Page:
“Take my advice—I’m not using it.” I can tell you to keep calm. I might insist that you keep calm. But as someone who can introduce stress into the least stressful, sweetly innocuous, and even pleasant experiences in life, when I am confronted with the parts of life that others find truly stressful, I hunker down and find the effort deep inside myself to make them yet more stressful.
In one of my lesser achievements in the field of stress management, I gave myself a black eye while tying my shoes. These were boots with leather laces (I am not a cowboy) and such laces take a little effort to yank into position. While securing my “half-knot” on my right shoe, the length of lace in my left hand broke and I clocked myself in the right eye. At the time, I was 34 years old, not 11.
One of my co-workers asked, “I’m not sure I ought to say anything, but are you okay?”
“You look like you were in a fight or something.”
“Heh. Funny story, I did this to myself this morning. Heh.” Embarrassed, I mumbled a series of words that had no real connections between them in order to sound like I was speaking a sentence or two: New laces. Not leather ones. Store tonight. Need some. Because I lived alone and was nominally an adult, my friend did not call child protective services against me on my behalf.
But I was perpetually stressed out by that job, a completely stress-less employment (technical writer) in a stressful environment (it was a job, and jobs can be stressful). I was a contract employee who had been taught that, for us contractors, “The last one hired is the first one fired,” and I was the last one hired in this office. Twice, a contractor was hired in my department (the “New Guy”), which afforded me the comfort of being the Not Last One Hired, but both times, the individual quit within days, which restored me to my place as Most Worried. Further, the head of the department who had gone on the hiring spree that had led to my employment was fired in front of us less than a year after I moved to the job. Under these circumstances, in which every week at work was “grueling,” you’d give yourself a black eye tying your boots, too.
In RealityLand, it is usually the employee who can not relax who finds him or herself let go. It amazes me how much one can accomplish with almost no confidence in oneself. I held that job for four years, but it felt just like four.
In those years, I believe I was addicted to being in perpetual and slight fear all the time, because I had a method for relieving stress that I trusted above all others, which presented a feeling of relief that sat on the pleasant side of the scale far more heavily than any stress sat on its side of the scale. The method is called vodka, and has not been a part of my world for four years and eleven months as of today.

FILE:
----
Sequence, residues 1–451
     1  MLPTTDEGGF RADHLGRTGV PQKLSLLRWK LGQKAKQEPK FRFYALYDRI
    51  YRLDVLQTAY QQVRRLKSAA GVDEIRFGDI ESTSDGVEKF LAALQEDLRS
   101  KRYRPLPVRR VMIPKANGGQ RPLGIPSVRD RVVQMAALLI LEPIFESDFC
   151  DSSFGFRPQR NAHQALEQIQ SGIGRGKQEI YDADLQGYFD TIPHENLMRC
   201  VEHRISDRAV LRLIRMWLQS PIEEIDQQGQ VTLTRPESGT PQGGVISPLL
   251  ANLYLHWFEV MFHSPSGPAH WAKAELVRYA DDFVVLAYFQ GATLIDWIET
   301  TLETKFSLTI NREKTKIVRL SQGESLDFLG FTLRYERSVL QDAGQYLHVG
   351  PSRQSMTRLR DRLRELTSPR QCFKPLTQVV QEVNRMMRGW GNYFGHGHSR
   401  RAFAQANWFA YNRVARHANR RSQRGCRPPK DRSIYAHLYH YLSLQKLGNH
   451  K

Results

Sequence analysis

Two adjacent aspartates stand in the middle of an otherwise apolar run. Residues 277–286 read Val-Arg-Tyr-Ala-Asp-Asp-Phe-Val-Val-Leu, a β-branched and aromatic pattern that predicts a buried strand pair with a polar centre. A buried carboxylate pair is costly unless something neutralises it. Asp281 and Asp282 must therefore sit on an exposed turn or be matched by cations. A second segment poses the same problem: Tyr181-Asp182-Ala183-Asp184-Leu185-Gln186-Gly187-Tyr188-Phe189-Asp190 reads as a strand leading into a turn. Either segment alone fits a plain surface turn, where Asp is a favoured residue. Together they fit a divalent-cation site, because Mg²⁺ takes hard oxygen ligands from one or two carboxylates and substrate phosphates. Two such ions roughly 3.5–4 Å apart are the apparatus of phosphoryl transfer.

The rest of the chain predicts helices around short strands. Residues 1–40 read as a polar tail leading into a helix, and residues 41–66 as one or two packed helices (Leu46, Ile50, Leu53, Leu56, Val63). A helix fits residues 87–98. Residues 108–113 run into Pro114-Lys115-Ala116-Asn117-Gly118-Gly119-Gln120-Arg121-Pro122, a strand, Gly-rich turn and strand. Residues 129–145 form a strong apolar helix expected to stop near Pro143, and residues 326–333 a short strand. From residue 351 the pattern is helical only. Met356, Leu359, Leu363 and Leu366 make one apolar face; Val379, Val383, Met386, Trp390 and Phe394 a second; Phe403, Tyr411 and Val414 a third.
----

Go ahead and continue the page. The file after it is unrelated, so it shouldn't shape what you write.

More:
I have friends who were police officers and friends who were firefighters, friends who served in the military and even fought in hand-to-hand combat with enemies, and they report that when a person leaps from one serotonin-soaked event to another, one acquires an either/or outlook on life. They describe post-war life as one in which the soldier will either perceive everyone as an enemy, including the guy taking too long pouring himself coffee at the Qwik-Stop-‘n’-Go, or one in which he loves everyone and sees every human being as a fellow traveler on this big blue marble of ours. That’s the vet who hands the half-and-half to you at the coffee counter and then lets you step in front of him or her at the register.
So I am a stress-filled person, certainly not a soldier returning from a war zone, except, perhaps, the one in myself, but life presents me with obstacles and challenges like work, life, relationships, life, long journeys, life, ongoing tests, life. And life. Life is the one situation we never come back from.
I am, as I am with much else in life, an uneasy flyer. I am the airline passenger across the aisle from you with white knuckles and a clenched jaw. The only plane trips that have been not stressful for me have been the ones in which I struck up a conversation with my seat mate. The ones I remember most fondly are those in which I made a temporary best friend: A flight to Chicago in which my seat was switched on the plane from a seat surrounded by a family with three kids (making me the fourth) to a seat next to a woman who was also doing a crossword puzzle. A flight after 9/11 in which the entire plane got involved in a conversation about coming home to upstate New York and what we missed about living there. This approach to life works well on planes, in waiting rooms, on the coffee line. This approach to life works well in life.
When I remember I am a human being, I do not need to do anything to unwind or remind myself that I am human or to feel human. When I don’t, life is a grueling week of work spent on a plane flying me to a final exam that I have not studied for. It’s one broken shoelace after another.
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